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sumes, must be almost completely extirpated, and new principles acted upon, in relation to the appropriation of riches, before we can expect to behold those arrangements going forward, which are requisite to bring about this “consummation so devoutly to be wished.” Christians may wish, and hope, and pray with apparent fervor, for the coming of the kingdom of Christ, and the glory of the latter days—they may profess to celebrate his death, to celebrate his praise, and may make a great stir and bustle about adhering to his cause and testimony; but unless they put their hands in their pockets to supply the means requisite for accomplishing the benevolent purposes of God, our expectations of the near arrival of the millennium will be frustrated; and their conduct can be considered as only a mockery of God, while under profession of serving him, “their hearts are still going after their covetousness.” The arrangements requisite for preparing the way for the approach of the millennium, have already been stated in the preceding sections. Abundant provision requires to be made to promote the external comfort of the poor, and other ranks of society; many physical evils require to be remedied ; improvements of every description carried forward; the wastes and deserts of the earth, cultivated and adorned; old cities and towns cleared of every nuisance; and new towns and villages erected on spacious and improved plans, adapted to health, cheerfulness, and comfort. Seminaries require to be established for the instruction of all ranks, in every department of knowledge, connected with the life that now is, and the life to come, without which the foundations of the millennial state cannot be laid. All the useful arts and sciences must be promoted and carried towards perfection, as auxiliaries to the extension of the gospel and the renovation of the world. Missionary enterprizes must be carried on with more vigor, and on a scale far more extensive than they have ever yet been, before we can expect to behold the dawnings of the millenni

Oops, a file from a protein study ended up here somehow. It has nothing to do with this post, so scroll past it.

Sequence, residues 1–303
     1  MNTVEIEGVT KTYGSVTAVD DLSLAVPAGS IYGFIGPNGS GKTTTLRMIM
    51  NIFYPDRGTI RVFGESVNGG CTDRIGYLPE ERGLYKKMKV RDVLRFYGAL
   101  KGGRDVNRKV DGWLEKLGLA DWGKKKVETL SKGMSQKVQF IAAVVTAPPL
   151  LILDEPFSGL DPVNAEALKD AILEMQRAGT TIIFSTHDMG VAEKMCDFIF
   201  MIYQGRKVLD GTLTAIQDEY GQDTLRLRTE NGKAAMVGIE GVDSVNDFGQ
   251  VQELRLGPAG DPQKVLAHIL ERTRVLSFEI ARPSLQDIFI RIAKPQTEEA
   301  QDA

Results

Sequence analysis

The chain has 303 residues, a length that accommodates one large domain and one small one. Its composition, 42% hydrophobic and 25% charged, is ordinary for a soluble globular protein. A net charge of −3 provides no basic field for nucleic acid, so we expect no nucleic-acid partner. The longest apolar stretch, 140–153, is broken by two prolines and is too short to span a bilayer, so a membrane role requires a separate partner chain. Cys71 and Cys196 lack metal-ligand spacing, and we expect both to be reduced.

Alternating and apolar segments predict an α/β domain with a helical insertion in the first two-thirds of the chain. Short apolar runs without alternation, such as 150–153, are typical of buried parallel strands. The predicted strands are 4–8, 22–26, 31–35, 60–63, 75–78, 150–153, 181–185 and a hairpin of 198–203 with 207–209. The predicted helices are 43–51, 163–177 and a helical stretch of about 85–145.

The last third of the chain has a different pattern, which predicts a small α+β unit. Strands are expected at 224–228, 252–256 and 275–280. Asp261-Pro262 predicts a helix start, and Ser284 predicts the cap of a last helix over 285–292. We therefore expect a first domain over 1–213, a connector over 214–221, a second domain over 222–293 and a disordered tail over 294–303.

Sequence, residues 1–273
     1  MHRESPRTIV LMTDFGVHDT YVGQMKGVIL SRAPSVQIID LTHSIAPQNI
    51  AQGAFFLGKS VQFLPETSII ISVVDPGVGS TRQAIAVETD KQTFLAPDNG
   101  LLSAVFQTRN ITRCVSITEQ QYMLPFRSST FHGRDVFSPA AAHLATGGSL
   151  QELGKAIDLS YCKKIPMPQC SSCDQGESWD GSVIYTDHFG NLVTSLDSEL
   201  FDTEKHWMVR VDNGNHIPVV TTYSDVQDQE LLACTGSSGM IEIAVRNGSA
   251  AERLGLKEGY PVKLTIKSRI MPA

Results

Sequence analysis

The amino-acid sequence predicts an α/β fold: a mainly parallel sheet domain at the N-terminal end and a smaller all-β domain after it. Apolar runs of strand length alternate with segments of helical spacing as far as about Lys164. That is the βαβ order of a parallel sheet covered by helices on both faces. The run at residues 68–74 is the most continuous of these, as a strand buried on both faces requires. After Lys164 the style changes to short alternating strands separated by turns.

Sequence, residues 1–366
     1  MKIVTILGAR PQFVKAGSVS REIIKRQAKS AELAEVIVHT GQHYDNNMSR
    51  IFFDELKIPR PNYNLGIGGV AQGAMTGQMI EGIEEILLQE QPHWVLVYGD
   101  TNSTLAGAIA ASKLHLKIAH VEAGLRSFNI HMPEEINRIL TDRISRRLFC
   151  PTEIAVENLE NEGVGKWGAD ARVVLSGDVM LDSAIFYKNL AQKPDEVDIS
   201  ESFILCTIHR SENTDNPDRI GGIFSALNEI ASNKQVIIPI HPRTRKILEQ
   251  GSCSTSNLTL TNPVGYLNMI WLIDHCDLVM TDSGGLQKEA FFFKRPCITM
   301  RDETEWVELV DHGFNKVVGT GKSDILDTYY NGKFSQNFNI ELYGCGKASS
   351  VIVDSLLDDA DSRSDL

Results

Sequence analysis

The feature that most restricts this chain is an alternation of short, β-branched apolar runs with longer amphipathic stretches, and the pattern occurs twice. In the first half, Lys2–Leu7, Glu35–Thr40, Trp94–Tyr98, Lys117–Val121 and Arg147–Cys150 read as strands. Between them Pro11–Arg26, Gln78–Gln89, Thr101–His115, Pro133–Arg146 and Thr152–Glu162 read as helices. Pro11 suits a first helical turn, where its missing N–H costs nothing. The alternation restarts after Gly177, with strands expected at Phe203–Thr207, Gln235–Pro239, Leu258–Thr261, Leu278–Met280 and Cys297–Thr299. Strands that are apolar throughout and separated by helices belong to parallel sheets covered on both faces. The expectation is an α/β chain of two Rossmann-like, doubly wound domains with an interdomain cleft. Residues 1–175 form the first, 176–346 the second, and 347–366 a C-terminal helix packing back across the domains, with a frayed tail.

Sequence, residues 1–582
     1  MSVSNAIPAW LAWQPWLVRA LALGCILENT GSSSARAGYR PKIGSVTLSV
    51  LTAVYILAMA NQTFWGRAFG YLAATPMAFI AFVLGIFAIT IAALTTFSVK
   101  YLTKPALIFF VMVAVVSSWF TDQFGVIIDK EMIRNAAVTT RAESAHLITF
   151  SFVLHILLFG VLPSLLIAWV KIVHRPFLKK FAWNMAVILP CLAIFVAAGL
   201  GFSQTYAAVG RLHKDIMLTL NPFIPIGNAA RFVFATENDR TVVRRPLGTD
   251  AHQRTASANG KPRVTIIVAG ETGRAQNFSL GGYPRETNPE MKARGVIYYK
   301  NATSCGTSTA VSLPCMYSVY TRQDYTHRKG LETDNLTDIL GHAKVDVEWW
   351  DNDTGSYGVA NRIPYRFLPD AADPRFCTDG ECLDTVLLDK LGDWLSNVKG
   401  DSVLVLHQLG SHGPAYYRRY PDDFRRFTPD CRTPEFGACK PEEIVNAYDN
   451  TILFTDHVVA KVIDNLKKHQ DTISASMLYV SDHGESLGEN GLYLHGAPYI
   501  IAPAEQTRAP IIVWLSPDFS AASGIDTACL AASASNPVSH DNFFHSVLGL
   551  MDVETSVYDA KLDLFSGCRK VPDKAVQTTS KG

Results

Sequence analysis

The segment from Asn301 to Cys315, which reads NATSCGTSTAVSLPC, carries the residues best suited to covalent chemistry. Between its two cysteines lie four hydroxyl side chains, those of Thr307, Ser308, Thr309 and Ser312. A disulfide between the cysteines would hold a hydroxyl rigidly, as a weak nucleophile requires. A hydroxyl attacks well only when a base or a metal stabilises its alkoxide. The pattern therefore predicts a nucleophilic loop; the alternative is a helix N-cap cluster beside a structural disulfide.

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In order to accomplish such objects, it is evident, that vast resources of wealth are absolutely requisite; resources a hundred times greater than have hitherto been consecrated to the service of God, and the benefit of man. But, I have already shown, that we have wealth adequate to every purpose now suggested, if we choose to employ it in such achievements. Instead of a quarter of a million, we might raise fifty, or even a hundred millions of pounds annually, to promote the extension of Messiah's kingdom, the improvement of society, and the regeneration of the world. And, while such sums are raised, and employed in such operations, no want of real comfort would be felt, but on the contrary, a degree of rational and sensitive enjoyment, far superior to what has ever been experienced in the world. It was lately stated, in some of our periodicals, that there are in and about London, about two or three hundred individuals, whose fortunes combined, would be nearly sufficient to pay off the whole of our National debt, now amounting to above 800,000,000. What would the half, or even the tenth part of such wealth not accomplish, were it applied in consistency with the dictates of reason and religion? But where do we ever find such an appropriation of such abundant riches' Is it not a proof, or something approximating to it, that we might be characterized rather as a nation of athe- . ists and infidels, than as a nation of Christians, when so little of our national wealth flows into Christian and . channels' Let us no longer boast of ritain being by way of eminence a Christian land, till we display more Christian principle in our actions, and a more noble spirit of Christian liberality than we have done for ages past. If we wish to lay claim to this sacred name, let us show by our Christian virtues, our Christian generosity, and our heavenly aims, that we are entitled to this distinguishing appellation. For raising such contributions as those to which I allude—I, in the mean time, look to Christians alone, and not to nations or communities, that have assumed that name. As for those who are governed by carnal